Lawmakers push for Liquor-Lottery merger

MONTPELIER — Two lawmakers are proposing an amendment to merge the Department of Liquor Control and the state’s Lottery Commission in January as the House prepares to debate legislation Tuesday that creates a working group to study the issue.

The legislation up for debate Tuesday comes on the heels of a resolution passed by the House last week that nullified an executive order from Republican Gov. Phil Scott that would have merged the two entities beginning this week. Scott signed the executive order in January, but state law allows either the House or Senate to nix such a restructuring of the executive branch with a resolution.

While the Scott administration has questioned whether that de facto veto power of the executive branch is constitutional, it has not yet moved to challenge it.

On Tuesday, Rep. Jim Harrison, R-Chittenden, who was appointed to the House by Scott last week to fill a vacancy, is sponsoring an amendment along with Rep. Jim Condon, D-Colchester, to merge the Department of Liquor Control and Lottery Commission beginning Jan. 1, 2018.

Rep. Jim Harrison

“It looks long and complicated but it’s actually very simple. It maintains the study committee that’s in the underlying bill, however, it limits the scope to just a couple meetings and it reports back to the General Assembly if there are further changes that are recommended,” Harrison said. “It allows the merger to proceed and take effect on Jan. 1, 2018.”

The proposed amendment includes necessary changes to statute to allow for the merger, Harrison said.

The underlying bill, H.525, creates the working group to study the issue and make recommendations to lawmakers, with an eye toward a merger in July 2018. But lawmakers would have to pass subsequent legislation for the merger to occur.

The Senate is considering legislative language that would allow for a merger in July 2017. Harrison said his amendment would allow for a compromise.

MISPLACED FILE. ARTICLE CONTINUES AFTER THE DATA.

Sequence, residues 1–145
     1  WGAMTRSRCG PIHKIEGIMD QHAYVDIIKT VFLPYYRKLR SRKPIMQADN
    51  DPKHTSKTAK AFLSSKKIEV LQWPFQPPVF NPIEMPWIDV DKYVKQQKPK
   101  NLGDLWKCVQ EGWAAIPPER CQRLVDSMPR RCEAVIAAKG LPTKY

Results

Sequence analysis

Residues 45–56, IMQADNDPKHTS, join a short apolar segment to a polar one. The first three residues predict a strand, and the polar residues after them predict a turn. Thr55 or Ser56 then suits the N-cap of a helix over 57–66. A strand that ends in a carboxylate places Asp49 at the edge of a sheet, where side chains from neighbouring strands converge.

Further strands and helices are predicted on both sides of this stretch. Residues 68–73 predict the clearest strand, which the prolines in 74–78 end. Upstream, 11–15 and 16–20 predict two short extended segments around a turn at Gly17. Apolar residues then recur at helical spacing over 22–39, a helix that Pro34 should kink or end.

“My interest in offering it is really to try to find some kind of middle ground. The administration wanted to make the merger effective now, this week, actually, which I supported by voting no on the resolution last week,” he said. “I’m saying we all seem to agree that the merger makes sense. Maybe the middle ground is next January. I don’t know if the administration will agree, or if the Senate or the House will buy in.”

Harrison and Condon will present their amendment to the House General, Housing and Military Affairs Committee Tuesday morning. Harrison, who serves on the committee, said he is unsure if his fellow committee members will approve of it.

“I am the brand new member of that committee, so I’m hoping they will,” he said, noting that he did not take part in earlier committee deliberations. “I guess we’ll find out in the morning as to what their reaction is. … Whether that’s the appropriate compromise or not is for other people to decide.”

Rep. Helen Head, D-South Burlington, the chairwoman of the House General, Housing and Military Affairs Committee, could not be reached for comment.

Harrison said he hopes the House will adopt his amendment and allow the administration to begin seeking efficiencies.

“We should merge the agencies, let the administration do their job and have some efficiencies in government without changing the services they offer,” he said.

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